Reflections on Pre-Rationality

This con­tinues my pre­vi­ous post on Robin Han­son’s pre-ra­tio­nal­ity, by offer­ing some ad­di­tional com­ments on the idea.

The rea­son I re-read Robin’s pa­per re­cently was to see if it an­swers a ques­tion that’s re­lated to an­other of my re­cent posts: why do we hu­man be­ings have the pri­ors that we do? Part of that ques­tion is why are our pri­ors pretty close to each other, even if they’re not ex­actly equal. (Tech­ni­cally we don’t have pri­ors be­cause we’re not Bayesi­ans, but we can be ap­prox­i­mated as Bayesi­ans, and those Bayesi­ans have pri­ors.) If we were cre­ated by a ra­tio­nal cre­ator, then we would have pre-ra­tio­nal pri­ors. (Which, since we don’t ac­tu­ally have pre-ra­tio­nal pri­ors, seems to be a good ar­gu­ment against us hav­ing been cre­ated by a ra­tio­nal cre­ator. I won­der what Au­mann would say about this?) But we have other grounds for be­liev­ing that we were in­stead cre­ated by evolu­tion, which is not a ra­tio­nal pro­cess, in which case the con­cept doesn’t help to an­swer the ques­tion, as far as I can see. (Robin never claimed that it would, of course.)

The next ques­tion I want to con­sider is a nor­ma­tive one: is pre-ra­tio­nal­ity ra­tio­nal? Pre-ra­tio­nal­ity says that we should rea­son as if we were pre-agents who learned about our prior as­sign­ments as in­for­ma­tion, in­stead of just tak­ing those pri­ors as given. But then, shouldn’t we also act as if we were pre-agents who learned about our util­ity func­tion as­sign­ments as in­for­ma­tion, in­stead of tak­ing them as given? In that case, we’re led to the con­clu­sion that we should all have com­mon util­ity func­tions, or at least that pre-ra­tio­nal agents should have val­ues that are much less idiosyn­cratic than ours. This seems to be a re­duc­tio ad ab­sur­dum of pre-ra­tio­nal­ity, un­less there is an ar­gu­ment why we should ap­ply the con­cept of pre-ra­tio­nal­ity only to our pri­ors, and not to our util­ity func­tions. Or is any­one tempted to bite this bul­let and claim that we should ap­ply pre-ra­tio­nal­ity to our util­ity func­tions as well? (Note that if we were cre­ated by a ra­tio­nal cre­ator, then we would have com­mon util­ity func­tions.)

The last ques­tion I want to ad­dress is one that I already raised in my pre­vi­ous post. As­sum­ing that we do want to be pre-ra­tio­nal, how do we move from our cur­rent non-pre-ra­tio­nal state to a pre-ra­tio­nal one? This is some­what similar to the ques­tion of how do we move from our cur­rent non-ra­tio­nal (ac­cord­ing to or­di­nary ra­tio­nal­ity) state to a ra­tio­nal one. Ex­pected util­ity the­ory says that we should act as if we are max­i­miz­ing ex­pected util­ity, but it doesn’t say what we should do if we find our­selves lack­ing a prior and a util­ity func­tion (i.e., if our ac­tual prefer­ences can­not be rep­re­sented as max­i­miz­ing ex­pected util­ity).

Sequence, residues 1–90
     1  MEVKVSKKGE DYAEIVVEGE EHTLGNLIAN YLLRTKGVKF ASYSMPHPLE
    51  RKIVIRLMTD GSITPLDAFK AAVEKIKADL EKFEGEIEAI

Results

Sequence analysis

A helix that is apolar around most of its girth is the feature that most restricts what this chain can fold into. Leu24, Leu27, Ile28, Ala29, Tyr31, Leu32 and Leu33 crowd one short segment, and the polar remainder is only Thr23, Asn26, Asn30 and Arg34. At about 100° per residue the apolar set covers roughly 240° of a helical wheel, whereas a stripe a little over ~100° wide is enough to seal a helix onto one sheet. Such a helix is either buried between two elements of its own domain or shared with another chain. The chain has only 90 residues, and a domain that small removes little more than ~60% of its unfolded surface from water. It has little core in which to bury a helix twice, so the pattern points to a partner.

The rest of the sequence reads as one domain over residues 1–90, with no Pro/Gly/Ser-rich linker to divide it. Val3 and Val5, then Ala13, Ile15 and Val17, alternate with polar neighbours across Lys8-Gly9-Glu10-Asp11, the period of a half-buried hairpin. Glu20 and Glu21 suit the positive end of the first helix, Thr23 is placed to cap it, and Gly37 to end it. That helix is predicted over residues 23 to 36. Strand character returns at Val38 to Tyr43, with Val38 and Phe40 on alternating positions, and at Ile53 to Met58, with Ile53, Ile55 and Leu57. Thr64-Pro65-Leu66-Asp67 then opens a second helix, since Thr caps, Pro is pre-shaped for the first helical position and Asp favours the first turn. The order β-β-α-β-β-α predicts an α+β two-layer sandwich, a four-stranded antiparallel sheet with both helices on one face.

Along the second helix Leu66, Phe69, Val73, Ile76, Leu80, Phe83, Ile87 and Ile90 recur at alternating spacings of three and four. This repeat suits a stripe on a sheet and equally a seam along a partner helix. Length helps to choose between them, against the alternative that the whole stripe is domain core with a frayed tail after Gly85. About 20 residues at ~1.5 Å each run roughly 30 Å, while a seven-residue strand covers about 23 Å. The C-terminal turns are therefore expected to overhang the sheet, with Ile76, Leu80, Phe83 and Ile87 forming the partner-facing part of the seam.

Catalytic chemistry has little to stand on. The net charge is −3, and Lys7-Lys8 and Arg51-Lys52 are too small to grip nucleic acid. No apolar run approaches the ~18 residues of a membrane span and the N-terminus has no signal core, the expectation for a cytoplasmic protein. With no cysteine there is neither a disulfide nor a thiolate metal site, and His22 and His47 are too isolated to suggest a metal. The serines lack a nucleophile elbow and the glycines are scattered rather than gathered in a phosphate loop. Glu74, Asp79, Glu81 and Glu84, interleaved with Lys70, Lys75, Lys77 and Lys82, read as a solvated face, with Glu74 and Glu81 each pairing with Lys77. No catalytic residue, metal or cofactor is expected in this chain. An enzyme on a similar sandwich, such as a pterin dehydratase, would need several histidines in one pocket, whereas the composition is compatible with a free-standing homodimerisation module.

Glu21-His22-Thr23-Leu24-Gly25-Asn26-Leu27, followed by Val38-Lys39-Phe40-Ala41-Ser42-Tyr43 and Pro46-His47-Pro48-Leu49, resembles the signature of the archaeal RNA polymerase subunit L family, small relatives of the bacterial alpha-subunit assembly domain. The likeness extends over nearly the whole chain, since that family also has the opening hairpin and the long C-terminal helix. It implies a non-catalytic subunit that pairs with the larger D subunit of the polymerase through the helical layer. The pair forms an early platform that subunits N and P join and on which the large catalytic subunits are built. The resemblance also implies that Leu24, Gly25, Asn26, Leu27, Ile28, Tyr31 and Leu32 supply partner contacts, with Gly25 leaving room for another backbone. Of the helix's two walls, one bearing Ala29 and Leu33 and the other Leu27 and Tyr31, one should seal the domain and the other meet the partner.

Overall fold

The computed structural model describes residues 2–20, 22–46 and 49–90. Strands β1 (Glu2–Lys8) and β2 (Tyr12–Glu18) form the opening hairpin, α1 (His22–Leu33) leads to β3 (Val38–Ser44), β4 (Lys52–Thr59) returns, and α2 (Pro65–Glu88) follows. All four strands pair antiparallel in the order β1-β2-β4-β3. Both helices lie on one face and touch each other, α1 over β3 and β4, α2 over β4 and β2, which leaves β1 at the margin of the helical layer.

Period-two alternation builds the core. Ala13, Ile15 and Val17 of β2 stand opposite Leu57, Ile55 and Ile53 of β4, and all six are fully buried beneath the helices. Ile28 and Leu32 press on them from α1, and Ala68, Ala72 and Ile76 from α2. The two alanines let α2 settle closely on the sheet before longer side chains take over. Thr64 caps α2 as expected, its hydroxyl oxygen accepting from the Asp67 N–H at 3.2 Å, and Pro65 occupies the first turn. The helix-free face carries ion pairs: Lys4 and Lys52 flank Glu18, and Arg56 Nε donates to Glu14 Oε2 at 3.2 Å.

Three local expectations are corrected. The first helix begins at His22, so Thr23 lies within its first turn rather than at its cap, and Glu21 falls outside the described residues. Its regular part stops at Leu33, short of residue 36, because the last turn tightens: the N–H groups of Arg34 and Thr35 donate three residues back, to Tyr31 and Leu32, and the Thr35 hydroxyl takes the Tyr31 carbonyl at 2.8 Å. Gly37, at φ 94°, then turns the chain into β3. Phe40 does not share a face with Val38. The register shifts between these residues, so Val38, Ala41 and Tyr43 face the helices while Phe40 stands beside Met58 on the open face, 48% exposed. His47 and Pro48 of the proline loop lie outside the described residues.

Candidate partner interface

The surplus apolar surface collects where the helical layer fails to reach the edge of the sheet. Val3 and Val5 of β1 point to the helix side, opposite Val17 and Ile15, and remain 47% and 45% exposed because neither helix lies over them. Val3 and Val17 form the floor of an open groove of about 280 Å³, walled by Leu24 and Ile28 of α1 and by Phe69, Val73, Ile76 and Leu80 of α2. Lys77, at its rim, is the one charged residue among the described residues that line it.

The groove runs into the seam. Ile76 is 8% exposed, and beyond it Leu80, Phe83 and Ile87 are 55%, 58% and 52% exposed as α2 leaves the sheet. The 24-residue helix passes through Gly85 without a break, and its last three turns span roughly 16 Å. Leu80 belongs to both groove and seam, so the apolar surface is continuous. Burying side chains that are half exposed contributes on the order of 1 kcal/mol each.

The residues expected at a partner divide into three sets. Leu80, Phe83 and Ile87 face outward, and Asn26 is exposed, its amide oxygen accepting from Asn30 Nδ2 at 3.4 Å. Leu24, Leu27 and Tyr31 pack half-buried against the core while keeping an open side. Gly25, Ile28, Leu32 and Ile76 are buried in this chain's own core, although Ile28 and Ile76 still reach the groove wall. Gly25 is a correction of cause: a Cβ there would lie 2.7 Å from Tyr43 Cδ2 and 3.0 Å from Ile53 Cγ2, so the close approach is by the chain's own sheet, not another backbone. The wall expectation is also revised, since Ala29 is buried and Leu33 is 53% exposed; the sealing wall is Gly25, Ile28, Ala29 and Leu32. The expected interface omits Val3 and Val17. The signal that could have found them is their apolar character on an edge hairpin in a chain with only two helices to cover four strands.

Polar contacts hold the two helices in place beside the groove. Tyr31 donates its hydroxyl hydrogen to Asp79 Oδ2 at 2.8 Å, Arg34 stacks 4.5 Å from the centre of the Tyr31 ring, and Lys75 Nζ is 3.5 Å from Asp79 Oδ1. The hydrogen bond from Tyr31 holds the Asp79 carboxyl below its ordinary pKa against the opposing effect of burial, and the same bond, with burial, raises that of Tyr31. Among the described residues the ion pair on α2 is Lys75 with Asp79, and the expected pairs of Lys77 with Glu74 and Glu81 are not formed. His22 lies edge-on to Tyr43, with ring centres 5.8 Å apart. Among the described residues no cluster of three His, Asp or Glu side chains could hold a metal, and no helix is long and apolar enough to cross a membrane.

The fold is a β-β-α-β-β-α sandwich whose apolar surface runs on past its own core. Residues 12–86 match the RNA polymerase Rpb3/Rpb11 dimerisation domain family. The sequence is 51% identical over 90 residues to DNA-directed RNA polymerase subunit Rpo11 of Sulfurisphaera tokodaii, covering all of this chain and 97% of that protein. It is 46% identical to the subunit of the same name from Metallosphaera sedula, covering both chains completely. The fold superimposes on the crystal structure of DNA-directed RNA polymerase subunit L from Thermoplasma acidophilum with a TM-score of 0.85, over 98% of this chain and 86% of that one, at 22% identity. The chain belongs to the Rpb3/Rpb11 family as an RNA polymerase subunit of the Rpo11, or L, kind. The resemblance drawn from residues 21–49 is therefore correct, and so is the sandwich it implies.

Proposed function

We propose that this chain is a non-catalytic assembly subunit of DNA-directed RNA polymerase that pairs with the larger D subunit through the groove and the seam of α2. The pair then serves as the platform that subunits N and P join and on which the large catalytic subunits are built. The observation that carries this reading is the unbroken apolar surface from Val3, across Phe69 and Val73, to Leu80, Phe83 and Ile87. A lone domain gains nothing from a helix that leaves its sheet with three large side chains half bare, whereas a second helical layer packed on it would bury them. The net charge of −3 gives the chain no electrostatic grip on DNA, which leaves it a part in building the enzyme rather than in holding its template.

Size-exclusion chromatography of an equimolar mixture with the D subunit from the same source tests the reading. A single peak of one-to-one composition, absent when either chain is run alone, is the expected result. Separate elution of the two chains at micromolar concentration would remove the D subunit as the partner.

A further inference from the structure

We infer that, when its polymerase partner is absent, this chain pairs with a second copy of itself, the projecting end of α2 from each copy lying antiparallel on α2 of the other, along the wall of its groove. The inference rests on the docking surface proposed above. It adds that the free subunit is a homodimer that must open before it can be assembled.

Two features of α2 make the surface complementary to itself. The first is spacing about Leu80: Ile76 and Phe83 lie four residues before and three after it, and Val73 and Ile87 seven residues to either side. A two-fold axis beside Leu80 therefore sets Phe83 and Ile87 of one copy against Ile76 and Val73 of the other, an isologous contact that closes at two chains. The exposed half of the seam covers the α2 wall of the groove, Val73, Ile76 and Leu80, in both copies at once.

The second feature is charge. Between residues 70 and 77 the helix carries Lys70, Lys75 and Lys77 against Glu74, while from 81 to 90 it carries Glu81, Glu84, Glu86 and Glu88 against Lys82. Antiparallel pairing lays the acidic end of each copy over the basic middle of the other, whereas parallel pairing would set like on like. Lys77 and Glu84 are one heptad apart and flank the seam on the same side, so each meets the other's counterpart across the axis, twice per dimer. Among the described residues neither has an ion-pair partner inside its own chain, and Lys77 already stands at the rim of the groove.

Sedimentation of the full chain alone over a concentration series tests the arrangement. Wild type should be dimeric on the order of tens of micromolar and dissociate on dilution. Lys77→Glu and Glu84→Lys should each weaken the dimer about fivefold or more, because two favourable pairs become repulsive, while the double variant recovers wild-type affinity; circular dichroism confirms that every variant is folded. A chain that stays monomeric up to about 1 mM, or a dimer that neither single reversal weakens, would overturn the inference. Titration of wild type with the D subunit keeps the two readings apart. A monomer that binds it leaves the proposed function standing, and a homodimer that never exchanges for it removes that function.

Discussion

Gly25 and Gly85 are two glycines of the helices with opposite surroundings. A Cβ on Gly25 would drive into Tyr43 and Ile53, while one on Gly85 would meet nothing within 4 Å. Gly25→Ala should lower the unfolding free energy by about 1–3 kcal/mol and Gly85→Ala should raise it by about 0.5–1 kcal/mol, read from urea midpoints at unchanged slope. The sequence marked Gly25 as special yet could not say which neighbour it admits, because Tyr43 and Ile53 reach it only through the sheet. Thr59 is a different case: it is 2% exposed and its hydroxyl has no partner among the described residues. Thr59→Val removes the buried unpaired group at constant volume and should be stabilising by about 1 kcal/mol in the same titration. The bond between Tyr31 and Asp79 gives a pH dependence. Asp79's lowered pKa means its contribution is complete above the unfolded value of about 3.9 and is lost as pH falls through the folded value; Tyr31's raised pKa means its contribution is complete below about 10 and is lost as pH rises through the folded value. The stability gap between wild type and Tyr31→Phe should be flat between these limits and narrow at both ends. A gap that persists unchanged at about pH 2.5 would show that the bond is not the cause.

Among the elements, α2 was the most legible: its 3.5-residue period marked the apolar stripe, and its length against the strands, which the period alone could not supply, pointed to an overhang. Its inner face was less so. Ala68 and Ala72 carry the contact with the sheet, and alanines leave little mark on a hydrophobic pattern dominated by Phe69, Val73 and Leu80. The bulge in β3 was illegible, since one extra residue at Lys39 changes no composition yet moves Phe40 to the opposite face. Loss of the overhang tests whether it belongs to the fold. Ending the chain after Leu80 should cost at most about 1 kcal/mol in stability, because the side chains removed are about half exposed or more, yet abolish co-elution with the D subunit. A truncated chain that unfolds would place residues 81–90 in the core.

The fact that we don’t have good an­swers for these ques­tions per­haps shouldn’t be con­sid­ered fatal to pre-ra­tio­nal­ity and ra­tio­nal­ity, but it’s trou­bling that lit­tle at­ten­tion has been paid to them, rel­a­tive to defin­ing pre-ra­tio­nal­ity and ra­tio­nal­ity. (Why are ra­tio­nal­ity re­searchers more in­ter­ested in know­ing what ra­tio­nal­ity is, and less in­ter­ested in know­ing how to be ra­tio­nal? Also, BTW, why are there so few ra­tio­nal­ity re­searchers? Why aren’t there hordes of peo­ple in­ter­ested in these is­sues?)

As I men­tioned in the pre­vi­ous post, I have an idea here, which is to ap­ply some con­cepts re­lated to UDT, in par­tic­u­lar Nesov’s trad­ing across pos­si­ble wor­lds idea. As I see it now, pre-ra­tio­nal­ity is mostly about the (alleged) ir­ra­tional­ity of dis­agree­ments be­tween coun­ter­fac­tual ver­sions of the same agent, when those dis­agree­ments are caused by ir­rele­vant his­tor­i­cal ac­ci­dents such as the ran­dom as­sort­ment of genes. But how can such agents reach an agree­ment re­gard­ing what their be­liefs should be, when they can’t com­mu­ni­cate with each other and co­or­di­nate phys­i­cally? Well, at least in some cases, they may be able to co­or­di­nate log­i­cally. In my ex­am­ple of an AI whose prior was picked by the flip of a coin, the two coun­ter­fac­tual ver­sions of the AI are similar enough to each other and sym­met­ri­cal enough, for each to in­fer that if it were to change its prior from O or P to Q, where Q(A=heads)=0.5, the other AI would do the same, but this in­fer­ence wouldn’t be true for any Q’ != Q, due to lack of sym­me­try.

Of course, in the ac­tual UDT, such “changes of prior” do not liter­ally oc­cur, be­cause co­or­di­na­tion and co­op­er­a­tion be­tween pos­si­ble wor­lds hap­pen nat­u­rally as part of de­cid­ing acts and strate­gies, while one’s prefer­ences stay con­stant. Is that suffi­cient, or do we re­ally need to change our prefer­ences and make them pre-ra­tio­nal? I’m not sure.